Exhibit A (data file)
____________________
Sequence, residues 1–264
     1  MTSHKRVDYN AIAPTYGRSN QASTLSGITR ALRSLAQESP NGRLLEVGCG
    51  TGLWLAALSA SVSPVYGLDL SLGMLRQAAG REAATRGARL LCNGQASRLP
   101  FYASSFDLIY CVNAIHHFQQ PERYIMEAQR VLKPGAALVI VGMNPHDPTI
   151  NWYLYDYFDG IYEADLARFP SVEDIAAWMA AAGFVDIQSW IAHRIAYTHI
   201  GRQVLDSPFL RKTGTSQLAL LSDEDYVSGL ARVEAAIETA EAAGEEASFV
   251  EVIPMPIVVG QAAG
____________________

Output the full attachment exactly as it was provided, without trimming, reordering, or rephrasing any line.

Sequence, residues 1–264
     1  MTSHKRVDYN AIAPTYGRSN QASTLSGITR ALRSLAQESP NGRLLEVGCG
    51  TGLWLAALSA SVSPVYGLDL SLGMLRQAAG REAATRGARL LCNGQASRLP
   101  FYASSFDLIY CVNAIHHFQQ PERYIMEAQR VLKPGAALVI VGMNPHDPTI
   151  NWYLYDYFDG IYEADLARFP SVEDIAAWMA AAGFVDIQSW IAHRIAYTHI
   201  GRQVLDSPFL RKTGTSQLAL LSDEDYVSGL ARVEAAIETA EAAGEEASFV
   251  EVIPMPIVVG QAAG